According to Na, control of desertification is an important goal of the project. The photovoltaic panels and the pillars supporting them help to prevent sand dunes from moving and reduce water evaporation from the soil below. In addition, a three-level desertification prevention system is applied, formed by forests on the periphery of the base, windbreak forests along internal roads, and economic forests in photovoltaic fields.

Through experiments, CTG has found a way to make the sandy soil suitable for growing plants. Silt from the banks of the Yellow River nearby is added to sand on the surface of the land and mixed with organic fertilizer, and then drained water from nearby coal mines is processed and used for drip irrigation. “By doing this, we make use of the waste water from coal mining, thus saving water, which is precious in the region,” Na said.

With the method, a total of 400 mu (26.67 hectares) of alfalfa has been planted on the base. Na said they will also try planting herbs such as astragalus, licorice and wolfberry. The goal is to improve the soil quality to the extent that no irrigation is required in three years, thus making the project sustainable in the arid area.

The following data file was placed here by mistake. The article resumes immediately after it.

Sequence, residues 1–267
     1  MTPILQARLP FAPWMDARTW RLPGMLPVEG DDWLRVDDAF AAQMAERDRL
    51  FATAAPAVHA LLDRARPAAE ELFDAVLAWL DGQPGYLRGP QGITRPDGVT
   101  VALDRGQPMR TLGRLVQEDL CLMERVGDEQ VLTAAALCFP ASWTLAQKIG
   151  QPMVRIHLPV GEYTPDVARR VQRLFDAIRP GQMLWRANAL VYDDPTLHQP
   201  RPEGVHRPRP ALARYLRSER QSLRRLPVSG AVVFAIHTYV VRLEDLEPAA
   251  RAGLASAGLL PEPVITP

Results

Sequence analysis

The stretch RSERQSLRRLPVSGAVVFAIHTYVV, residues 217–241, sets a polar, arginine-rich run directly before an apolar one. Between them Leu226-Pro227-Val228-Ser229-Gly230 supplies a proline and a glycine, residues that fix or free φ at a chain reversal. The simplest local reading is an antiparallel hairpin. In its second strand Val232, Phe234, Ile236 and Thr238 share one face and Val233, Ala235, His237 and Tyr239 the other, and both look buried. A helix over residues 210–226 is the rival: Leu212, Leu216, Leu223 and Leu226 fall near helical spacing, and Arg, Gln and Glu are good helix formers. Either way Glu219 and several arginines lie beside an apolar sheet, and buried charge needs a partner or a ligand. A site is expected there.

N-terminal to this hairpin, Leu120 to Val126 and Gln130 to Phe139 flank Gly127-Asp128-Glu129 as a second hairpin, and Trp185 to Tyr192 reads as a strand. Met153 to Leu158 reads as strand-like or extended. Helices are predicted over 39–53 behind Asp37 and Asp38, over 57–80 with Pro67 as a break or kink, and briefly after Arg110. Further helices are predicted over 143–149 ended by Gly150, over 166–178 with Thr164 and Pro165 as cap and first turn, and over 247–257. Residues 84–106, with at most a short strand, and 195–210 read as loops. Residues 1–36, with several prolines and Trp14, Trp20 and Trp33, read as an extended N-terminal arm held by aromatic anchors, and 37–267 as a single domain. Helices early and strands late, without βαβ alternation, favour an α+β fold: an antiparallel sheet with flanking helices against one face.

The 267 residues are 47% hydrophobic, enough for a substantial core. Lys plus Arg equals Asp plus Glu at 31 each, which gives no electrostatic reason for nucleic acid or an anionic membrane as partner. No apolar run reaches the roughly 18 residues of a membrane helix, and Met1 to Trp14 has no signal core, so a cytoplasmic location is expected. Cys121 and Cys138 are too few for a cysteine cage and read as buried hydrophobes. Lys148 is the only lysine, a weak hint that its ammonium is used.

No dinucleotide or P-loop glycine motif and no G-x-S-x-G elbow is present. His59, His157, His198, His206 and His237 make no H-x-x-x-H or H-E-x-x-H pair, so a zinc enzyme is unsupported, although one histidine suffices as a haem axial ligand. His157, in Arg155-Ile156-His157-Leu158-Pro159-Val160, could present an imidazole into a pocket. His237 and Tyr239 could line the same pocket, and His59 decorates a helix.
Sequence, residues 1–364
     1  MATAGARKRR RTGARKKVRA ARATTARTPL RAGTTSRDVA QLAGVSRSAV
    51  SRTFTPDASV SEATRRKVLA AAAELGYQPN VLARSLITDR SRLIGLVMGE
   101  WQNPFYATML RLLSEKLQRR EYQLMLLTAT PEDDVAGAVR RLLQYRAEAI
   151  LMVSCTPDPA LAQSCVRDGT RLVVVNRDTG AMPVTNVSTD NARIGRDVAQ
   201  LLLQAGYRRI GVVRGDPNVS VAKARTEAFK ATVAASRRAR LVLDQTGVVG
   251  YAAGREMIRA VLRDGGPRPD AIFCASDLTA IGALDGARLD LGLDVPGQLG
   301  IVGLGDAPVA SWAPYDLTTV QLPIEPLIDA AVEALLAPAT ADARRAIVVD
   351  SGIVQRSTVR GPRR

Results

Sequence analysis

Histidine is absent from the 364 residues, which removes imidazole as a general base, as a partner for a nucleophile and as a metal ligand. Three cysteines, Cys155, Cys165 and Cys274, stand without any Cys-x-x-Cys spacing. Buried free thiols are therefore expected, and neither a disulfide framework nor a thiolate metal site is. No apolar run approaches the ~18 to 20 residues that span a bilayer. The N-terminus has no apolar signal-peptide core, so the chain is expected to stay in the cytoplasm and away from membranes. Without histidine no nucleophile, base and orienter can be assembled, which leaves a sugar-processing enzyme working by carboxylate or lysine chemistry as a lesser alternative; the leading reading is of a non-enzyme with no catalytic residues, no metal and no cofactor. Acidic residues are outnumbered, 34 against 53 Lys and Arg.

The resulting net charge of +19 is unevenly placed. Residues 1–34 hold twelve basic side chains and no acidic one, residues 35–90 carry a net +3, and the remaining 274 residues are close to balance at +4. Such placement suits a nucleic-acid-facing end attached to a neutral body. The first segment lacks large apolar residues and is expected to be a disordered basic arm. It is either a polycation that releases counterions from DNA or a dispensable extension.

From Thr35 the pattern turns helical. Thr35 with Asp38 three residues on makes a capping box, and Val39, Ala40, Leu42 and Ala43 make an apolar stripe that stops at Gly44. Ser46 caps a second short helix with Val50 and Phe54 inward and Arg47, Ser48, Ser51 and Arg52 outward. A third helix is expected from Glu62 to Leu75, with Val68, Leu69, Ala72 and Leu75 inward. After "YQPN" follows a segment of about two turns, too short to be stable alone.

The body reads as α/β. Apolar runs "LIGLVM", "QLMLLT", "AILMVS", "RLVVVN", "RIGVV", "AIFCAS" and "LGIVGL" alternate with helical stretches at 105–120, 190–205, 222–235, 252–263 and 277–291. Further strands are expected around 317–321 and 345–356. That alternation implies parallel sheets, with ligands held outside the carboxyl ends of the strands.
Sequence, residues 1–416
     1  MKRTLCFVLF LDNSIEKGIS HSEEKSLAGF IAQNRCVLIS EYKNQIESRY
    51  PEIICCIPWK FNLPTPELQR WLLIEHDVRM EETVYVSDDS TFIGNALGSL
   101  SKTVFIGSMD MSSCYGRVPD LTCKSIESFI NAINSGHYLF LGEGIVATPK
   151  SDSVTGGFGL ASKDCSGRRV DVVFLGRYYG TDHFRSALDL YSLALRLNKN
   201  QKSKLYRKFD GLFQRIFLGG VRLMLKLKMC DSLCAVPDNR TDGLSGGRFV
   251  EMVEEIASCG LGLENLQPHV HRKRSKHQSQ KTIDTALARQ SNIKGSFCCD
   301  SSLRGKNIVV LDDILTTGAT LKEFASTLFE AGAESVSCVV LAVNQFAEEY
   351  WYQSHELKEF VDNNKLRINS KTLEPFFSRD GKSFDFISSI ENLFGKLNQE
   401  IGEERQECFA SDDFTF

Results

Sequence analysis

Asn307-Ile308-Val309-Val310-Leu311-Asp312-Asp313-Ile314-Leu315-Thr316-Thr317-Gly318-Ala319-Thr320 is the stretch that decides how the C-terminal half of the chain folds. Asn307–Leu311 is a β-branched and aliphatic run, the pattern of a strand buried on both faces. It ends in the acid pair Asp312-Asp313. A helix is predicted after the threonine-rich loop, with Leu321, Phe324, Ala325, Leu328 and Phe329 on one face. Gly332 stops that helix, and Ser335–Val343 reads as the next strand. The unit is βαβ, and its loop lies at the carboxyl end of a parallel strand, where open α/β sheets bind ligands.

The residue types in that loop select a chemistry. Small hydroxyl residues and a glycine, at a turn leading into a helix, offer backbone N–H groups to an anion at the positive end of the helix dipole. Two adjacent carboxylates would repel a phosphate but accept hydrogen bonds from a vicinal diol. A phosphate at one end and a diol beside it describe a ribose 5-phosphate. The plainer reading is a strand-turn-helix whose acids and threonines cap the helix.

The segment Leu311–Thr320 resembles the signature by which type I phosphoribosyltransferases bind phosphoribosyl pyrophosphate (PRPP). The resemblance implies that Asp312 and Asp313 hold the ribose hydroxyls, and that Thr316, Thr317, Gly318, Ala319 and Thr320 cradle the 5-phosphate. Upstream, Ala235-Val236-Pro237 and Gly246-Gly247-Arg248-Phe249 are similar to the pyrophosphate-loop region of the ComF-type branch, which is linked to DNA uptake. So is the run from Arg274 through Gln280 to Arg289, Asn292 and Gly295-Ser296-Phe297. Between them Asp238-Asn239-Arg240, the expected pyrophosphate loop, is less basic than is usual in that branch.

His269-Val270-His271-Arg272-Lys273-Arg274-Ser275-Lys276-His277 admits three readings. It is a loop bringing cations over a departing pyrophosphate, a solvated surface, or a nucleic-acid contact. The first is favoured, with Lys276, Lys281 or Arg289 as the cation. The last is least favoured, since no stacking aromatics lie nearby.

The improved soil will make agriculture and animal husbandry under the panels possible, which is economically significant for local farmers and herdsmen. To facilitate operations in the solar farm, pillars taller than those found in earlier farms are used, lifting the panels 2.5 metres above land surface.

Despite the fact that these efforts lead to increased costs for desertification, Na believes it is acceptable and worthwhile. “The combination of new energy and prevention of desertification in the project has made it possible for us to gain both economic and social benefits in a commercially viable manner,” he said.